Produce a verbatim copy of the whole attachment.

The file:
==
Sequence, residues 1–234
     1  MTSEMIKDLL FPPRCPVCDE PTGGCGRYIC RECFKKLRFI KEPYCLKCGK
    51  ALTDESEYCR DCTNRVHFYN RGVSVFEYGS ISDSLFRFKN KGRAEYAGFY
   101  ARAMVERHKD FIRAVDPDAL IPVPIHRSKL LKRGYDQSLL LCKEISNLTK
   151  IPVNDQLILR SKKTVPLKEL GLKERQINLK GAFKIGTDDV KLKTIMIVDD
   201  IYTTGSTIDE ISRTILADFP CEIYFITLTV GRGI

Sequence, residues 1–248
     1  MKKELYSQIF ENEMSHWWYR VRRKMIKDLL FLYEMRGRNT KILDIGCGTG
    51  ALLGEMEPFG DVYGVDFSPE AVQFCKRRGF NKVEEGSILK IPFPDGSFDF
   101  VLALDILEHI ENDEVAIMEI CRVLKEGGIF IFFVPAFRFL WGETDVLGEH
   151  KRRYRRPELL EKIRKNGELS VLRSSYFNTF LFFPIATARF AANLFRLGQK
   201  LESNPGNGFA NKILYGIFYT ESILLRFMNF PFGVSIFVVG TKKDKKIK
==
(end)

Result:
Sequence, residues 1–234
     1  MTSEMIKDLL FPPRCPVCDE PTGGCGRYIC RECFKKLRFI KEPYCLKCGK
    51  ALTDESEYCR DCTNRVHFYN RGVSVFEYGS ISDSLFRFKN KGRAEYAGFY
   101  ARAMVERHKD FIRAVDPDAL IPVPIHRSKL LKRGYDQSLL LCKEISNLTK
   151  IPVNDQLILR SKKTVPLKEL GLKERQINLK GAFKIGTDDV KLKTIMIVDD
   201  IYTTGSTIDE ISRTILADFP CEIYFITLTV GRGI

Sequence, residues 1–248
     1  MKKELYSQIF ENEMSHWWYR VRRKMIKDLL FLYEMRGRNT KILDIGCGTG
    51  ALLGEMEPFG DVYGVDFSPE AVQFCKRRGF NKVEEGSILK IPFPDGSFDF
   101  VLALDILEHI ENDEVAIMEI CRVLKEGGIF IFFVPAFRFL WGETDVLGEH
   151  KRRYRRPELL EKIRKNGELS VLRSSYFNTF LFFPIATARF AANLFRLGQK
   201  LESNPGNGFA NKILYGIFYT ESILLRFMNF PFGVSIFVVG TKKDKKIK